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Bozo by FoXo

above: from March 24, 1935

Earlier this year GoComics began running the classic comic strip Bozo by FoXo Reardon.
Recently the GoComics crew interviewed Foxo’s son Michael about his father and the strip.

What was it like to grow up with a cartoonist as a father?

My father had been working as a professional cartoonist for sixteen years when I was born in 1937. He had worked the last fourteen of those years as a staff cartoonist for the Richmond (Virginia) Times-Dispatch, one of the South’s leading newspapers, doing every type of cartooning: news, sports, humor, editorial, and creating a number of regularly published features, as well as working outside sketching assignments at the courts and at crime scenes.

Among his created features was Bozo, the world’s original pantomime comic strip. He created that strip at age 16 in 1921 just after being laid off as sports cartoonist at the Times-Dispatch and before being rehired in 1923.

above: A couple of the first Reardon cartoons for the Richmond Times Dispatch in 1921 by the then 16 year old. The “apologies to Christy Walsh” is because the editor and the cartoonist displaced Walsh’s cartoon (below) on the sports page which “Blasts From The Bleachers” copied.
Both are early samples of caption contests.

In 1945, at the end of World War II, my father became internationally syndicated with the Chicago Sun-Times Syndicate with his comic strip Bozo, which was always his first love. The strip had appeared weekly in the Times-Dispatch from at least 1925. Syndication was a big change for him and our family. He set up his drawing desk between the living room and dining room at home, and his presence was always there.

above: May 31, 1925 (Bozo’s first print appearance?)
below: October 2, 1927 – FoXo’s Sunday page expanded over time

My dad was a born cartoonist. He never held a job title other than that of “cartoonist.” It wouldn’t be too much of a stretch to say that he was born with a drawing pen in one hand and a bottle of India ink in the other. He liked to tell the story of how he as a 16-year-old “sat on the editor’s doorstep every day” until he was finally hired.

Read the full interview with Michael Reardon at the GoComics blog.

Read Michael’s biography of FoXo.

Read Bozo (three a day!) at GoComics.

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disclosure: The Daily Cartoonist and GoComics are both under the Andrews McMeel Universal umbrella.

Community Comments

#1 Kip Williams
@ 11:25 am

The umbrella guy is called “Fuzzy,” at least by those of us commenting at GC.

Thank you for allowing me to share the entirety of my vast knowledge of Bozo with you. Read the strip! (Yes, one “reads” pictures.)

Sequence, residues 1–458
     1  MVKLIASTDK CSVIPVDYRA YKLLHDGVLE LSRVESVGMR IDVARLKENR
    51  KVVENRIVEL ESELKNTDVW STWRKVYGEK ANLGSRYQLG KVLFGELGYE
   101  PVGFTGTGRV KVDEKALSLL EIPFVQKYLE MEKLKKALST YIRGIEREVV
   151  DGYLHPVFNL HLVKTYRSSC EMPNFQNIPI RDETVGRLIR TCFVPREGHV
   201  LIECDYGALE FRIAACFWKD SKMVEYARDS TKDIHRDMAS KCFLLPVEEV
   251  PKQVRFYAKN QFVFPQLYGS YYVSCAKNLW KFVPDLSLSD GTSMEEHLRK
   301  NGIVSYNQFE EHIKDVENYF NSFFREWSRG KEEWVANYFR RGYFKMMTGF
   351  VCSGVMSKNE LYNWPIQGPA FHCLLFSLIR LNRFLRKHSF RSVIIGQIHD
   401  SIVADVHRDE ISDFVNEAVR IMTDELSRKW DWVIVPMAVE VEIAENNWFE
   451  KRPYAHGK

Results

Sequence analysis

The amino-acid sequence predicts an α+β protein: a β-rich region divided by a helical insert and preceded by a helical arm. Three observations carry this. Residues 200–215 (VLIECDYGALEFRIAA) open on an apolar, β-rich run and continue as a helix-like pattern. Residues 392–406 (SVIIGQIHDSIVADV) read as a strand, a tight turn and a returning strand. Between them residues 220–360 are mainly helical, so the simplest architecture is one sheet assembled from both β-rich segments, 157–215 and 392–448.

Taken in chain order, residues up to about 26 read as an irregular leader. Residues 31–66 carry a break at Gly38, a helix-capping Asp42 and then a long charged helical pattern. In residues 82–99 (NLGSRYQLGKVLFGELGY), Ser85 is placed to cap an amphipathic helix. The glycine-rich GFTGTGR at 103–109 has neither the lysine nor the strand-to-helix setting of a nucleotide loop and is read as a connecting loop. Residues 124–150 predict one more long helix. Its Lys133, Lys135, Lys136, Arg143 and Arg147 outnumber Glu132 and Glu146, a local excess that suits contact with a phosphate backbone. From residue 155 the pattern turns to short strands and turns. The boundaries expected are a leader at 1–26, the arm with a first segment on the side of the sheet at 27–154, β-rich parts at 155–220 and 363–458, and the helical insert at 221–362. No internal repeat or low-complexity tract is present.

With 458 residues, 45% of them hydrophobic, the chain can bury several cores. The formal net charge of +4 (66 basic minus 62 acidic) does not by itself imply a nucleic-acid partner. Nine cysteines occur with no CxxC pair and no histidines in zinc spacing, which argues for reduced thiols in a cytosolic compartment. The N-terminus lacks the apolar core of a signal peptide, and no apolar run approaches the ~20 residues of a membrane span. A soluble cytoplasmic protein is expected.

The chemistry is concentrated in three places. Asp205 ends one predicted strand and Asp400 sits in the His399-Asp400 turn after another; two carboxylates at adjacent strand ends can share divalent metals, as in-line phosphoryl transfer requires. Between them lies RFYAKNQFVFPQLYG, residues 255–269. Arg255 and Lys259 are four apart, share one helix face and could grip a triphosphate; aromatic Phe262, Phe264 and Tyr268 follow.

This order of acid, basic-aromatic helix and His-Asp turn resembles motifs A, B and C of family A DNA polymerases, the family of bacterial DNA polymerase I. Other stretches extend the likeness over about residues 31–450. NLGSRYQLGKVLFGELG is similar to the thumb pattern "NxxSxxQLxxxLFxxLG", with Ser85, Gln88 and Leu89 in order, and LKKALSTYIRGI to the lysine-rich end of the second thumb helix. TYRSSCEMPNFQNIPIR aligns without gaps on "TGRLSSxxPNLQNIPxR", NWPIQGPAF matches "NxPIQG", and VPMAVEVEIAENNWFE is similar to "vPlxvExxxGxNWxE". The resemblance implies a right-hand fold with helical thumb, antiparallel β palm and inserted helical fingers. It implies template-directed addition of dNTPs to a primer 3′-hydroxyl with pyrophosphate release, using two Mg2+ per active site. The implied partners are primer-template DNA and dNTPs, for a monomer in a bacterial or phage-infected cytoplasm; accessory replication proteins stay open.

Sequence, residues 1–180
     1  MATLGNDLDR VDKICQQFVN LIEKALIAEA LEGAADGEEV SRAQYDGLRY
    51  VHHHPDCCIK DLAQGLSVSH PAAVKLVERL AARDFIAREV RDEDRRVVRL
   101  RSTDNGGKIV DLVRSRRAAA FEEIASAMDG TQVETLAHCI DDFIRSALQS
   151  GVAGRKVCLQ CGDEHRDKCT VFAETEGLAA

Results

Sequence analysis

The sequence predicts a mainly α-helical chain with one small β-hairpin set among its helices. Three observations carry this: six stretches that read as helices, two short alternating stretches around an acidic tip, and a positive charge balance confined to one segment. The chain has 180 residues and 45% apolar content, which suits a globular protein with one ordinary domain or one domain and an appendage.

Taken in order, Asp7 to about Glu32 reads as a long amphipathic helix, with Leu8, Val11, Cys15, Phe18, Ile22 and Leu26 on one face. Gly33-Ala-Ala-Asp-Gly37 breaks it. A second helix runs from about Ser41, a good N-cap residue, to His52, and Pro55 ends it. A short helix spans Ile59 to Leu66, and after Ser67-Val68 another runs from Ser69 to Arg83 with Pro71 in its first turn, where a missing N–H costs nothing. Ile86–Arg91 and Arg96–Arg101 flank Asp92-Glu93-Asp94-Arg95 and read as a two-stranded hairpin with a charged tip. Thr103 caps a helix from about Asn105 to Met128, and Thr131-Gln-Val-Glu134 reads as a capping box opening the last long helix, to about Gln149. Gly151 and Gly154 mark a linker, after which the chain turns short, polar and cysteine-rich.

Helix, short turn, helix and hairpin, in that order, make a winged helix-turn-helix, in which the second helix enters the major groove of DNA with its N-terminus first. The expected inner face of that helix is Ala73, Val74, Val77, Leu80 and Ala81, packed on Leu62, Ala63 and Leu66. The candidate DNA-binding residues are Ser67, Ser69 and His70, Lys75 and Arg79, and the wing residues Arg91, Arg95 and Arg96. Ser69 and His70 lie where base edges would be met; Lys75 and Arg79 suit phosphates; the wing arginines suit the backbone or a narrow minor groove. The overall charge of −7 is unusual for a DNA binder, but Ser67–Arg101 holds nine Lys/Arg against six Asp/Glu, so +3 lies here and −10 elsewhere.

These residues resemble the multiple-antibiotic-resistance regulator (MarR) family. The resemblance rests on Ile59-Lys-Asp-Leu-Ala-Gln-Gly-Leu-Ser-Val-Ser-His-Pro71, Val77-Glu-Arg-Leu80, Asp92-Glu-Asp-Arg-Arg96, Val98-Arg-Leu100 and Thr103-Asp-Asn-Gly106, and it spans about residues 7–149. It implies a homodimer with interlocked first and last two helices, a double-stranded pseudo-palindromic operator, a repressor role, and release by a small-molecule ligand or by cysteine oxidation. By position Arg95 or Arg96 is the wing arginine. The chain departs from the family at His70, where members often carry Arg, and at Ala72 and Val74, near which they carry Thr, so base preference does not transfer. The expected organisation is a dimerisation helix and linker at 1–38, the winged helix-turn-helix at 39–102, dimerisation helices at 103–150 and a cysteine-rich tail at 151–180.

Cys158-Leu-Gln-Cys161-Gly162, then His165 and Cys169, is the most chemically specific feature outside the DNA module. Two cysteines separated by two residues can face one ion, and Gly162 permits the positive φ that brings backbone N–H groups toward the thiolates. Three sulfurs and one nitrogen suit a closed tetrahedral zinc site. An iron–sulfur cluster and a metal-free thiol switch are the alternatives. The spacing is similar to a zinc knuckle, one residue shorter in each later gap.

#2 Michael Reardon
@ 1:17 pm

I check your site quite often and was, to say the least, thrilled that you have featured my dad’s comic “Bozo” as well as samples of his earlier works. Can’t thank you enough! And thank you, Kip Williams. Blessings!

#3 Gent Bear
@ 2:01 pm

Bozo is undoubtedly one of the best, if not the best of the funny entertaining cartoons ever. Bozo is a must read for every true comic lover. Everything in Bozo is expressed solely in the form of artwork, without a single word uttered by any of the characters. Foxo Reardon was undoubtedly a master cartoonist and his name deserves to be mentioned when mentioning the best and talented cartoonists.

Plus, the brilliant artwork of the cartoonist Foxo Reardon is itself a treat to a true comic lover. The perspectives are so well drawn on a two dimensional sheet of paper that a reader can feel the three dimensional depth of any scene in the comic. And it is all drawn in such detail that it is always a pleasure to read Bozo.

A big thanks to both Michael Reardon and Go Comics for replublishing these wonderful comics and letting those of us who never knew of it to read it and enjoy it.

Long live Bozo!

#4 Allan Holtz
@ 3:05 pm

Rats. That book seems to be unavailable in Canada, thru or through BearManor Media, the apparent publisher. Ah well, the price we pay to live in the True North Strong and Free.

#5 Katherine Collins
@ 4:29 pm

To Allan Holtz:

Allan, I’m sure you must know scads of people in the USofA. Surely you could order the book and have it sent to an American friend, who could then forward it to you. I have done this from time to time. I have a big box of books waiting for me, in Oroville California, just a-sittin’ there waiting for the border to open. My friend will come up here for a visit, bearing gifts!

Don’t let ANYTHING stop you from buying books!

#6 Michael Reardon
@ 4:32 pm

Thank you, Gent Bear, for that wonderful analysis of Bozo and for your appreciation of my dad’s works.

Thank you, D.D. Degg for such an outstanding presentation of Bozo and of my father’s works. Could not have asked for anything better. And it was all unexpected, which makes it extra special. Can’t thank you enough!

#7 Randall Besch
@ 1:33 pm

Thank you for speaking about this forgotten comic that should never have been. A real thespian comic with very little dialog and excellent physical comedy.

The art work is flawless and the way the false multi dimensionality is given to add to the panels.

Thank you for sowing us more going back to 1927. It is a wonder
to me how this guy wasn’t animated.

I am just thankful that Gocomics has presented Bozo to us.

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